Angel tax fiasco

Arecent series of so-called “angel tax” notices received by start-ups have caused consternation. Under Section 56 of the Income Tax Act, the tax department can investigate start-ups to see if they are conduits for tax evasion and money-laundering. However, the laws as they currently stand have a very negative impact on sentiment as they go against the spirit of the Start-up India initiative of the government. While the Central Board of Direct Taxes (CBDT) has agreed to refrain from coercive action against start-ups after a high-level intervention from the commerce ministry, the possibility of angel tax being levied remains since the law has not been amended. Moreover, start-ups that have already received notices will continue to face scrutiny and possible harassment. This problem has existed since 2017, when start-ups first raised concerns about the way this section could be interpreted. In effect, any investment in a start-up could be considered an attempt to launder profits. The crux of the issue is that the interpretation depends on the discretion of IT officials. In other words, if an officer decides that equity investments have been made at above “fair-value”, they may raise a demand to tax excess valuation as profits.

But start-up valuations are extremely fuzzy. Indeed, the valuation of any unlisted business is tricky. There is no such thing as a hard and fixed “fair value” for businesses, which, by definition, have low or zero revenues. Valuation is especially difficult for services since those tend to be asset-light. Early investors such as angels, private equity investors and venture capitalists make valuations based on individual projections of business potential and future growth. They are frequently wrong in their judgments and the vast majority of start-ups don’t live up to their expectations. But the few that do turn profitable yield enormous returns, which compensate for the many failures. It is also possible that any given start-up will absorb several years of losses before it starts generating profits. This was the case for household names such as Amazon and Facebook. Indeed, Twitter and Flipkart still remain loss-making propositions. Angel investment is, therefore, based on a classic risk-reward equation where the investors take large risks in the hope of making extraordinary gains.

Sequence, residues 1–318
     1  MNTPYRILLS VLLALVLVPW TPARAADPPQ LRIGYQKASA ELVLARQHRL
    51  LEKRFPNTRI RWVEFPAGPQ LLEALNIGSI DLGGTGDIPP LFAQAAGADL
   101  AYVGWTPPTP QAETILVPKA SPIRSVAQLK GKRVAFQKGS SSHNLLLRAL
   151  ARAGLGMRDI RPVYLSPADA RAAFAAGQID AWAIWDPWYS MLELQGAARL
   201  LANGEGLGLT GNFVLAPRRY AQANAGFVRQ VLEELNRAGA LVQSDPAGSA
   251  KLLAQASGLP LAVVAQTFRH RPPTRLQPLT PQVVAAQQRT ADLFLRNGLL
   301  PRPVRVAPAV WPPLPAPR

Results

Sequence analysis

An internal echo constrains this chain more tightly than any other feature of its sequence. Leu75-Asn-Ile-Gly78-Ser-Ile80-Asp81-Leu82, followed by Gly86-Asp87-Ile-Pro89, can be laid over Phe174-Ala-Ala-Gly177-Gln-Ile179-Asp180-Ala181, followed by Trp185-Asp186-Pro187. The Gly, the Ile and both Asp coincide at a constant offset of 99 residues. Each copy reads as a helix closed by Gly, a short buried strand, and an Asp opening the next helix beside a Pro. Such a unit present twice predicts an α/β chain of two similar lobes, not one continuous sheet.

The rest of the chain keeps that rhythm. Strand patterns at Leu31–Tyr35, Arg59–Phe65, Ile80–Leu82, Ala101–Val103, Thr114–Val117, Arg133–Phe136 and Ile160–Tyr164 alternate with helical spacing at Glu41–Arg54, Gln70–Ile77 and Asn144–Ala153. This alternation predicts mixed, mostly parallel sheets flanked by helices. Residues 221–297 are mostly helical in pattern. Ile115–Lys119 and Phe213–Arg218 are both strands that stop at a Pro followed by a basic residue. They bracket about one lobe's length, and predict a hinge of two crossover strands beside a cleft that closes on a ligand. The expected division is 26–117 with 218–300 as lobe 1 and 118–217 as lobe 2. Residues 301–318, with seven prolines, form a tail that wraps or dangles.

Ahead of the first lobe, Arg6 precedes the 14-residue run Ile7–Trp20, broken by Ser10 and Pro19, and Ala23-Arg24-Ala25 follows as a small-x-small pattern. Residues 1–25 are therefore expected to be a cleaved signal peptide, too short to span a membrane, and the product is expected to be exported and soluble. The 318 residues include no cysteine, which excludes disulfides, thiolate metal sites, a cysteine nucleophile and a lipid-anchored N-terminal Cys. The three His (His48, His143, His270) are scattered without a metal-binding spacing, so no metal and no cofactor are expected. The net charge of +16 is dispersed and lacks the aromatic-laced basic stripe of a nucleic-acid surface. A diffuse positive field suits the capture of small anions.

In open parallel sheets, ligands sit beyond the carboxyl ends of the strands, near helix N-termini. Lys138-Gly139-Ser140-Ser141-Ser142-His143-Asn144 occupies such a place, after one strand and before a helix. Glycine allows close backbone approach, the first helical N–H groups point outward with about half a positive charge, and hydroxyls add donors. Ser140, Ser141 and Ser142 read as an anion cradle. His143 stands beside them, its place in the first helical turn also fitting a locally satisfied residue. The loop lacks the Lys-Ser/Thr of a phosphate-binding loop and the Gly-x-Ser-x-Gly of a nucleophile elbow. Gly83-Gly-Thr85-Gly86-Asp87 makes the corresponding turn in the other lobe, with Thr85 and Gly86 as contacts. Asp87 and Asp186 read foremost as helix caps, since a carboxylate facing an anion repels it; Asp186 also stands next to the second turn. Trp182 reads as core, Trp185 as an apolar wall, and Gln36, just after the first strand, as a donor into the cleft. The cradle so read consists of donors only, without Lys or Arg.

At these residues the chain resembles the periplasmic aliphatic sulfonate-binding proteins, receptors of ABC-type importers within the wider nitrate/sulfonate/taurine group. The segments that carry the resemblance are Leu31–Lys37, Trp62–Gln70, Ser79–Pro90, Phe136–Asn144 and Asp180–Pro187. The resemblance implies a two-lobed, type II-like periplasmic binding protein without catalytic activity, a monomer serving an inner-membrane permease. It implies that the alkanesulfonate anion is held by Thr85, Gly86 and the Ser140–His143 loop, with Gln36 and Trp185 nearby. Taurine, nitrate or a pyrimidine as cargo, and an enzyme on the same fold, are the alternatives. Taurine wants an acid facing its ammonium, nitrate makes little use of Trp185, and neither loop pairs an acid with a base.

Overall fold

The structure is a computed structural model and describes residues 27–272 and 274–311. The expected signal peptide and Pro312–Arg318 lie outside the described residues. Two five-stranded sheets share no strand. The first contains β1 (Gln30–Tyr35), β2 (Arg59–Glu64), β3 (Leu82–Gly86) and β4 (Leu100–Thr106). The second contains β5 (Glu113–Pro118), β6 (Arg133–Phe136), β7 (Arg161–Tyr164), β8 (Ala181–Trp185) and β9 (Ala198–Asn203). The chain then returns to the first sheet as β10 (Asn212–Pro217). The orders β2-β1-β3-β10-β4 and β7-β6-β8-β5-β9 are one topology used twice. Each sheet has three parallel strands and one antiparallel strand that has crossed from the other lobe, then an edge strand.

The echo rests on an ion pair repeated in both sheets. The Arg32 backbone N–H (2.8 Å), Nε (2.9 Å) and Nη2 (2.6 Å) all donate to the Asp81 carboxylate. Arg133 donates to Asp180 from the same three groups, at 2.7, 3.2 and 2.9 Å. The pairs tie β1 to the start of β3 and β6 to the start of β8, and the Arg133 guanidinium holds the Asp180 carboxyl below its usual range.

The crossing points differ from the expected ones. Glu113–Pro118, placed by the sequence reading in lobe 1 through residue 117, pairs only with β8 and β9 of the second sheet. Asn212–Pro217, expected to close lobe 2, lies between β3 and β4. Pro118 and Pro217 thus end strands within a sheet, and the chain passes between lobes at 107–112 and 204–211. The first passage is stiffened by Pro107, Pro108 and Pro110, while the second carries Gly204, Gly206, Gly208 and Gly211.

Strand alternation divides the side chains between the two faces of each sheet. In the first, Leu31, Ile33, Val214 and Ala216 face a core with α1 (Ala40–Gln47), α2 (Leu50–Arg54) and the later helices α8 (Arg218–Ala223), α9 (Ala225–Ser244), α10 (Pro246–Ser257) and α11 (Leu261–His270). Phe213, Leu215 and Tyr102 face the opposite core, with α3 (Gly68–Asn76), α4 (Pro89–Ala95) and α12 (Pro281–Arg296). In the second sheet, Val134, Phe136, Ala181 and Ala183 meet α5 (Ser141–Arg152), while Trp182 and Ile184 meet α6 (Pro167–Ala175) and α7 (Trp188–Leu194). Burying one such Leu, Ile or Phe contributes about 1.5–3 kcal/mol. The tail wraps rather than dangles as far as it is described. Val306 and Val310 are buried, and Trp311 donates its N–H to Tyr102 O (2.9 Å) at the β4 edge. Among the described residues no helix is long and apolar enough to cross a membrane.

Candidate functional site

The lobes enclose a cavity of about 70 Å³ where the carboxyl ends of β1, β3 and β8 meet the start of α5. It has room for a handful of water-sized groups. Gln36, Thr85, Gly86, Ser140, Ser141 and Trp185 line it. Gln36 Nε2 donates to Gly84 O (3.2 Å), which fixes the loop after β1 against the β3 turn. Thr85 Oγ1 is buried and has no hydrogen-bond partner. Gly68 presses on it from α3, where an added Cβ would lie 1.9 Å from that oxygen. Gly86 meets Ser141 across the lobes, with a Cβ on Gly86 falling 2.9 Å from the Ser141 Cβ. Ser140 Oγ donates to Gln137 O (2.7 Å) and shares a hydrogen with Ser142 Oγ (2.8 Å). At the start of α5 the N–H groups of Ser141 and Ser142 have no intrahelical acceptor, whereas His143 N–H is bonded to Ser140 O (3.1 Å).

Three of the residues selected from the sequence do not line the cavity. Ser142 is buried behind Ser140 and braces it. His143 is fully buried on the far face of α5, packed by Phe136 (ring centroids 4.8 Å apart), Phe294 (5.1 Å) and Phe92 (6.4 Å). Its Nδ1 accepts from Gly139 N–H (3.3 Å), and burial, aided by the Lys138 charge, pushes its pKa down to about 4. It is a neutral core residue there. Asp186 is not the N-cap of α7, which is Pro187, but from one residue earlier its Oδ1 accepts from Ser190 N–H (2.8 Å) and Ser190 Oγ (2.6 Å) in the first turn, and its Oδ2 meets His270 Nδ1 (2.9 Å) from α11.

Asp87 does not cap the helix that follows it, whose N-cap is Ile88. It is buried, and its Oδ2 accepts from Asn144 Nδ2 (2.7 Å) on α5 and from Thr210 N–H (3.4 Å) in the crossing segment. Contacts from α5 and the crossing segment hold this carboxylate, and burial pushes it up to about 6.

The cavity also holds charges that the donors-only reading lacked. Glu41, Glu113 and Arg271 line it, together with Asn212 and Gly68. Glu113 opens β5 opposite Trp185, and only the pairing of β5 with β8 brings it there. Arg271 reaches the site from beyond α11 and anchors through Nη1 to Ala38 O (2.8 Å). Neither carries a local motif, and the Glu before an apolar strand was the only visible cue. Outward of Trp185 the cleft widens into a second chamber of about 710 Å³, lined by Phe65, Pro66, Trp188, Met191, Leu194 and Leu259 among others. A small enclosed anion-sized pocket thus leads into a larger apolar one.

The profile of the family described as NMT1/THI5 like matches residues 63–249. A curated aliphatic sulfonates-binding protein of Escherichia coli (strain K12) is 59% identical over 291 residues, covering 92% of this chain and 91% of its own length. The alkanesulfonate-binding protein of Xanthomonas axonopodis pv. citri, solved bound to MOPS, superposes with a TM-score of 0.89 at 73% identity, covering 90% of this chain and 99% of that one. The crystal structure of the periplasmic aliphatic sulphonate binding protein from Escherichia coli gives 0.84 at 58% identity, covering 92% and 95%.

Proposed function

Given how the ecosystem functions, most start-ups will not qualify as being fairly valued in the eyes of the taxman. The law, which places the onus on a start-up and its investors to “prove” that it is fairly valued, is regressive since it sets standards that are more or less impossible to meet. The net effect is that it stifles innovation. It scares away investors and prevents entrepreneurs from raising funds. A flip-flop policy of raising demands, and then soft-pedalling scrutiny, doesn’t really repair damaged sentiment. There is always the fear of another cycle of coercive investigations. Moreover, the law discriminates against companies registered in India since it doesn’t investigate start-ups registered abroad. Again, this creates an incentive for entrepreneurs to head out to tax havens. The CBDT has said it is preparing a circular to clarify these issues. A committee of experts is being set up by the government to examine the eligibility of tax exemptions for start-ups. The sooner this is done the better. Innovation and risk-taking should not be smothered by the application of an unimaginatively drafted law.


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